Christine Greene is on her second career.
It’s actually her third career, if you count the jobs she held after college before she opted out of the corporate world.
Really, it’s her fourth career, if you consider the years she spent raising her family as one of those stops.
“After kids you ask that question ‘What’s next for me? What would fulfill me? What am I contributing to this life?’” – Christine Greene
The 61-year-old shows no signs of slowing down. In the last year and a half as a Program Software Integration Manager at aircraft manufacturer Pratt & Whitney, she manages a team to make sure business requirements are properly translated into a final, functional product.
Working in the military engine industry is an atypical outcome for someone who earned college degrees in chemistry and biology. But Greene’s career has been anything but typical. After getting her MBA in healthcare administration, she worked in both the pharmaceutical and IT fields, writing code in the insurance industry.
With the birth of her second child in 1988, she took herself out of the job market to raise her family and didn’t consider a return until her children were out of the house.
“After kids you ask that question ‘What’s next for me? What would fulfill me? What am I contributing to this life?’” Greene says.
She started a PhD program at age 47, earning her doctorate in nutritional science when she turned 50. But she didn’t want to be a dietician – she wanted to interact in a classroom setting. Opportunities to do so were limited in the Northeast.
“I didn’t pay attention to what the market would bear,” she explains. “I wanted to teach, not publish or do research.”
Unable to find a full-time role, she questioned the work she had put in to earn that third degree.
“It felt like failure, like why did I just do that? You ask the universe, ‘What the hell? What was the point of this?’” she says.
Rather than relocating for a job, she instead found a gig as an adjunct professor of Anatomy and Physiology at the University of Hartford where she taught science to non-science majors.
“I said yes to whatever,” she notes. “I gave lectures to Girl Scouts. I gave free nutrition seminars in hospitals.”
She enjoyed the work but not the inconsistency.
“I wasn’t fulfilled with the morsels and the insecurity of the adjunct work. I knew I needed something that’s going to give me a path forward, not a pebble here and there,” she says.
That’s when a colleague offered her a volunteer IT job at a local hospital. Her “just say yes” motto kicked in and she took the role, even when she wasn’t sure where it was headed.
“I thought it would fill the time,” she admits.
The IT work grew as her teaching assignments waned and what started as volunteerism evolved into a full-time paid position. In 2010, Greene continued taking on greater responsibilities – first in field services and then in IT asset and project management. A year and a half ago, she landed a managerial role at Pratt & Whitney where she leads a team, ensuring all deliverables are met.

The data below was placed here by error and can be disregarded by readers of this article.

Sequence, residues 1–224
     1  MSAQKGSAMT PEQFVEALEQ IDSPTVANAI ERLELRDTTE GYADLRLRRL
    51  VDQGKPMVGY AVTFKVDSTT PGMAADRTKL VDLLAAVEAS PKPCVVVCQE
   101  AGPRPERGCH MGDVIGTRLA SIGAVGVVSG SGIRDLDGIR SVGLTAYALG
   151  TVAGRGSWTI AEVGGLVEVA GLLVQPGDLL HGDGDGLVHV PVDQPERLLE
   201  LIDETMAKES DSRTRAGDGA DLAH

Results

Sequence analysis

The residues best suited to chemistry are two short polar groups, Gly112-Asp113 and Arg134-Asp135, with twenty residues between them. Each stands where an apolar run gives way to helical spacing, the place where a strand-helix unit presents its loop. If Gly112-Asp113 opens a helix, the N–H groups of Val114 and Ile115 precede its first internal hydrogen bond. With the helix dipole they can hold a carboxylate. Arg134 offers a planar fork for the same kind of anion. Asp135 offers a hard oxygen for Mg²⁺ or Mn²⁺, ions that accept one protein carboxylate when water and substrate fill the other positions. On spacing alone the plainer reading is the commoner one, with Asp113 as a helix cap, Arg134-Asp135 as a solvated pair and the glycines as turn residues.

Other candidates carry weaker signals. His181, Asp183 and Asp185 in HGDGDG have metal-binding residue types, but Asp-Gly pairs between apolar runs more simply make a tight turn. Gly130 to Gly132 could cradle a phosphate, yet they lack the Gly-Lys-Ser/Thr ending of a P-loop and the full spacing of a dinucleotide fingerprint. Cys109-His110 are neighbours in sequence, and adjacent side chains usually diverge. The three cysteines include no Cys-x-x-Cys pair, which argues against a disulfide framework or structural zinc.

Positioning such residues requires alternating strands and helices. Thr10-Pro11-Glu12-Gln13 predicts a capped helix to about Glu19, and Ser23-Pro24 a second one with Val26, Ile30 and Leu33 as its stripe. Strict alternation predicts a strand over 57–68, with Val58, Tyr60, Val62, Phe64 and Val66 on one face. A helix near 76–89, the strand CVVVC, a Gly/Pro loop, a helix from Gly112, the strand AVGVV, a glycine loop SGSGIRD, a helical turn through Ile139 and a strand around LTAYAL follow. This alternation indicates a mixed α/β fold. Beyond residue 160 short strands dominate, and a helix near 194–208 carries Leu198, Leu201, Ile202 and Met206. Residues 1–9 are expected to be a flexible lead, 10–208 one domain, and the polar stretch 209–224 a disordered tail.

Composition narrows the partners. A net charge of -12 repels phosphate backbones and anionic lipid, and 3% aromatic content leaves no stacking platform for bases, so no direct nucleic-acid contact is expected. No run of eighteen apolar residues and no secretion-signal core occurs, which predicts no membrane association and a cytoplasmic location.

What Greene likes best about her current job is working with educated people in a detail-oriented and collaborative role.
She admits she’s had a “patchwork” career but one in which there is little to regret.
“I had the opportunity and fortune to stay home with my kids. I’ve had a number of interesting jobs. People ask, ‘You have a PhD in nutrition and you work where?’ I don’t regret getting the PhD. But seeing where I am now,” she laughs, “I might have gone for one in computer science, not nutritional science.”
Her background in nutrition still impacts how she sees things.
“I get made fun of because I won’t eat hot dogs at the ball game. I bring a hard-boiled egg instead. My children are appalled,” she jokes.
Greene’s career, from MBA to stay-at-home mom to academia and back to the corporate world, shows there’s not always one path, but a series of opportunities.
“It’s not a straight line,” she notes.
So, what comes next? Greene still has things she wants to achieve and goals to hit. She’s thought about travel. Maybe becoming a real estate agent.
“I’m waiting for that feeling of ‘This is enough.’”
Her advice to those still trying to find their way? Try a “This, but not that” approach. “Do things to find out what you don’t like. That’s an important data point. I tried this, I don’t like it. So, what do I like? Let the doors open.”
Saying yes has led her to a series of interesting chapters.
For Greene, there’s always time to write another one.
Profile: Dr. Christine Greene, Program Software Integration Manager
Title of Your Current Chapter: “My Turn at the Wheel”
Motto to live by: “Always say YES!”
How do you get Unstuck? Find a way to ground yourself – journal, hike, listen to music…
What’s Next? I’m still looking to find the right expression of my soul’s purpose.
What advice do you have for others looking to create their own next chapters? Be open to new experiences, particularly those that on first glance don’t make sense. It’s OK to not know the answer or the next step. Trust that the universe does.
About the author: Valerie Gordon spent more than 20 years putting stories on television. As the founder of Commander-in-She, Gordon now helps women harness the power of their own stories and create meaningful next chapters. Read her other work at Commander-in-She.com. If you know someone who should be profiled for “Next Chapter,” please email firstname.lastname@example.org.